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Author's profile photo Sylvia Strangfeld

Good rules – good business – New rule functions for time-related calculations in SAP Successfactors Rules Engine

With our latest release, b1702, the rules engine team of SAP SuccessFactors has delivered 5 new functions for time-related calculations.  So, what benefits will these rule functions have for you? Let’s have a look.


Imagine the following use case:


An employee would like to request a half-day off. Your company wants to make the life of its employees as easy as possible, and therefore uses the employee’s work schedule to set the default start and end time of their leave.


Sounds easy? Let’s have a look at the data and calculations you need for such a use case.


  1. You need the start and end time of the work schedule of the employee for that specific day (for example, 8:00 a.m. – 4:00 p.m.).
  2. You need the duration between start time and end time so you can calculate what “half day” means. (Imagine an employee who is working part time – half day leave would not automatically mean 4 hours).
  3. The system has to multiply the calculated working time for that particular day with a factor of 0.5 (half day) to get the working time for the day.
  4. The system has to deduct the calculated working time from the end time of the work schedule, or add the calculated working time to the start time of the work schedule of the employee for the specific day in order to get the end time of the half day leave.
  5. For each date and time, you have to ensure that the system delivers the data for the local time zone of the employee.

Still sounds easy?  It can be – if you use the new time functions which are available for SAP SuccessFactors Rule Engine as of our b1702 release.


  1. createDateTime
  2. calculateDurationBetweenTwoDateTimes
  3. addDurationToDateTime
  4. getLocalDateOfDateTime
  5. getLocalTimeOfDateTime

Now I’d like to introduce these time functions to you in a bit more detail:


  1. createDateTime is for fields of MDF data type DateTime, and returns a UTC timestamp. It uses the local date, local time, and the offset of the local time zone from UTC in hours. In our example, the work schedule information and leave request data contain local dates and times. In order to perform calculations, such as calculating durations between two time stamps, we need to transform them to UTC. This can be done with the new createDateTime function.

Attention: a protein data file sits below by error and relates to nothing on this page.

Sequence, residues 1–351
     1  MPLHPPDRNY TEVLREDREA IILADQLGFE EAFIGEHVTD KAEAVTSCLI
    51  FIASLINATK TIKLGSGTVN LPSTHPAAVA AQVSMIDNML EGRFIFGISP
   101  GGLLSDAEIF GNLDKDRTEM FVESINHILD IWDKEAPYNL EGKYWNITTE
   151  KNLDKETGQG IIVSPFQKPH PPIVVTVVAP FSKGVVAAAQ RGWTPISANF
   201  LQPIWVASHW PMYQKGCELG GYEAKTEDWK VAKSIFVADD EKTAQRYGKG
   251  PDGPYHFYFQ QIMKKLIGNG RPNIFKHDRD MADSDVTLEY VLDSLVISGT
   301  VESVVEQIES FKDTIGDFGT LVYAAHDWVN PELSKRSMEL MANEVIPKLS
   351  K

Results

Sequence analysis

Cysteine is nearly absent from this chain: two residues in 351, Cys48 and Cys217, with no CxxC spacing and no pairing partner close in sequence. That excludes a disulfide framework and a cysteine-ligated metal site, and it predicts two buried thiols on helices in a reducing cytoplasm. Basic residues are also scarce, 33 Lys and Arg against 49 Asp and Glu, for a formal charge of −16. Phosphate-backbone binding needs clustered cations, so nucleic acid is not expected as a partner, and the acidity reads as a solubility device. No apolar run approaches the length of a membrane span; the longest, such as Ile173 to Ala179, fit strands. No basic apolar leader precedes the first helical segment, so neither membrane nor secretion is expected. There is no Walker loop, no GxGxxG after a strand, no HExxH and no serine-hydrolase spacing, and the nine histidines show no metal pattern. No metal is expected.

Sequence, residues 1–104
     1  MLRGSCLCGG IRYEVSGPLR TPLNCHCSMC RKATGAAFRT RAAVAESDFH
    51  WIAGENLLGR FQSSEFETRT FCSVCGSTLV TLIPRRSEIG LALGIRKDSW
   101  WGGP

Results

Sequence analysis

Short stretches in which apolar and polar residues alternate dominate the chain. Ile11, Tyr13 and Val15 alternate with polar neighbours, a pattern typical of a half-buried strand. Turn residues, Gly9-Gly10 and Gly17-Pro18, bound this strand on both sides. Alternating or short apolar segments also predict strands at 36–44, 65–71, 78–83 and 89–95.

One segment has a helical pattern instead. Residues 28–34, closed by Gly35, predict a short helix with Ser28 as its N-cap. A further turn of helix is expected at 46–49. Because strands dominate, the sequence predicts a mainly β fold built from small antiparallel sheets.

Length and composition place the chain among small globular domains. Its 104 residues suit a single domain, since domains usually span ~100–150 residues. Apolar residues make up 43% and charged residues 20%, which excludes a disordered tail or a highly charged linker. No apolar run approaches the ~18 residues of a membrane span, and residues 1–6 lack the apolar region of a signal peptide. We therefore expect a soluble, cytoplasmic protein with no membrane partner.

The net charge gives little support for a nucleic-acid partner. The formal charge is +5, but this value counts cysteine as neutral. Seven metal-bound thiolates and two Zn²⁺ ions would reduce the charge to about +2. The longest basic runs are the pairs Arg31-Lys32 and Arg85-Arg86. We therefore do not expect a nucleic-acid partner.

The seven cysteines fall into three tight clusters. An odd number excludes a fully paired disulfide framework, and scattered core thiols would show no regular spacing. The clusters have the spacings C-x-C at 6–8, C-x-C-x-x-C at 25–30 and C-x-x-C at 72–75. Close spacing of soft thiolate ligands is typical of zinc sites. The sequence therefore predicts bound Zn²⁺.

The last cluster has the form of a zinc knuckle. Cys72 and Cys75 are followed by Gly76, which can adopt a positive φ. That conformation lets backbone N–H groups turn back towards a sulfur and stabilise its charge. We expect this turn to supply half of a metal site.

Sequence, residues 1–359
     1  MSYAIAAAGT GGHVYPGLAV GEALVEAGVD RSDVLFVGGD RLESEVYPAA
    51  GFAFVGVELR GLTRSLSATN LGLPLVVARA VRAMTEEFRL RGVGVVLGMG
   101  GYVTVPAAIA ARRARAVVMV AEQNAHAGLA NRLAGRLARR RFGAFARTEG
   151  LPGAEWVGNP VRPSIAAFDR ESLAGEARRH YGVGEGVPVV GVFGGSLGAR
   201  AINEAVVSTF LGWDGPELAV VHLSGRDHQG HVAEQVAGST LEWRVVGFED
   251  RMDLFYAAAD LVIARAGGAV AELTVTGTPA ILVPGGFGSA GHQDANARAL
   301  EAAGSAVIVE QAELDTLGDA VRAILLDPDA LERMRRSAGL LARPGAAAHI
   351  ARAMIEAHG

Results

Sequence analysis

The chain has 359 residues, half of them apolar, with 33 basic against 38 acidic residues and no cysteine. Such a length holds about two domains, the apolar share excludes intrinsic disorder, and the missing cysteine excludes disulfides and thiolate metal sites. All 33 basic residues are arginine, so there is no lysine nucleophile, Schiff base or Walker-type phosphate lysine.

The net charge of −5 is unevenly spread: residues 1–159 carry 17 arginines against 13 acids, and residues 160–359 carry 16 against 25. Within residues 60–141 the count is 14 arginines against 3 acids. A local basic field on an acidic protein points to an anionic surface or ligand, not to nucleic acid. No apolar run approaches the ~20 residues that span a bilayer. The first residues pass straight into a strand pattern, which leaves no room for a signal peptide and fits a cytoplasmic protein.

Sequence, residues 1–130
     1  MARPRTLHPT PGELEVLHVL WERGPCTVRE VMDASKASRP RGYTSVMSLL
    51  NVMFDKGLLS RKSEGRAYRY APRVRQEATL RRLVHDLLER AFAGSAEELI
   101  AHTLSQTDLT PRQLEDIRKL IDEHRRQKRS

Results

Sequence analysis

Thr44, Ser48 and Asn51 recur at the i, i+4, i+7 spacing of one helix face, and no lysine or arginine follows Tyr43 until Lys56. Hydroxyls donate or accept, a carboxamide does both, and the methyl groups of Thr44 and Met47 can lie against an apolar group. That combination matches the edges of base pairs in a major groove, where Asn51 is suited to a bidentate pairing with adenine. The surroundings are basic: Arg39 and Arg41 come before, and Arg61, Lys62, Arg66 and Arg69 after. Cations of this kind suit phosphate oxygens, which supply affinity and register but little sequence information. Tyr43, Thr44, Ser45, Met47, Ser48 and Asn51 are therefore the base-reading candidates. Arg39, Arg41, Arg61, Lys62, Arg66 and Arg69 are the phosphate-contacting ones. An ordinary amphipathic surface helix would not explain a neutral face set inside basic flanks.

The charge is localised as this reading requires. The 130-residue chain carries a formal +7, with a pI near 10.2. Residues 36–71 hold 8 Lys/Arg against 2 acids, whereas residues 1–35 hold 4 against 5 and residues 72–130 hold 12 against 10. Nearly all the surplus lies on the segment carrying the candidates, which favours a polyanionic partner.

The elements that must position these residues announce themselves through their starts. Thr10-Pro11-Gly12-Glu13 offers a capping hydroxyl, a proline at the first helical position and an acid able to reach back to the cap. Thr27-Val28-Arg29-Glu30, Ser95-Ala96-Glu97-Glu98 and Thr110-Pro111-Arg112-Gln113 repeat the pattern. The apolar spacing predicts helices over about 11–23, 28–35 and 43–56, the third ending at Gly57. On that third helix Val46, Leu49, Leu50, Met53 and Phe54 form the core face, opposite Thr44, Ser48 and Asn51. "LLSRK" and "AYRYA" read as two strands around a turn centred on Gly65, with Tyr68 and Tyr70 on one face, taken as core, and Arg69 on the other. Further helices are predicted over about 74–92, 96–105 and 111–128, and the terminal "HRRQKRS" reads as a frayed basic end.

2. calculateDurationBetweenTwoDateTimes calculates the time in seconds between two UTC timestamps. It’s important to note that if, for some reason, the first timestamp is after the second, the function will deliver a negative result. So, for example, the time between today 6 am UTC+1 (which is the default time zone for Germany) and yesterday 8 pm UTC+1 would be minus 36000 seconds (-10 hours). In our example, this function would be needed to calculate what the target working time is on the specific day the employee requested a half day leave for.
  3. addDurationToDateTime calculates an end UTC timestamp based on a start UTC timestamp and a duration in seconds.  For our use case, this function will be used to calculate the default value of the end time of the half day leave.
  4. getLocalTimeOfDateTime gets the local time of a UTC timestamp. The time depends on the time zone offset you specify. For example, for the UTC timestamp February 20th 2017 10 pm UTC+1, the function will deliver the local time February 21st, 2017, 5am for time zone Shanghai (which is UTC+8). In our example this function would be needed to provide the local default value of the end time of the half day leave request, based on the UTC timestamp which was calculated by the function addDurationToDateTime.
  5. getLocalDateOfDateTime delivers the local date of a UTC timestamp. Similar to the example above, this function would provide the local date February, 21st 2017 for Shanghai (UTC+8) out of the UTC timestamp 2017-02-20 10 pm UTC+1. This function is important to get the correct end date if, for example, the end date of the leave request is on another day (as can happen for shift workers).

All said and done it probably still looks a bit tricky, but with a well-defined rule you can most definitely implement the use case we were talking about. Try it out! 🙂

Screenshot of a part of a rule using the new functions


Of course, our use case is a simple one.  You’ll certainly have much more complicated work schedules like part time, 12 hour shifts, break times and so on that you have to take into account. There is a vast amount of conceivable use cases where you might need one or the other function or a combination thereof.  I’m sure you will find the right one and get your solution running. 😉


For some more information – please have a look into our Admin Guide.


Hope this helps!


Stay tuned… Best wishes, Sylvia

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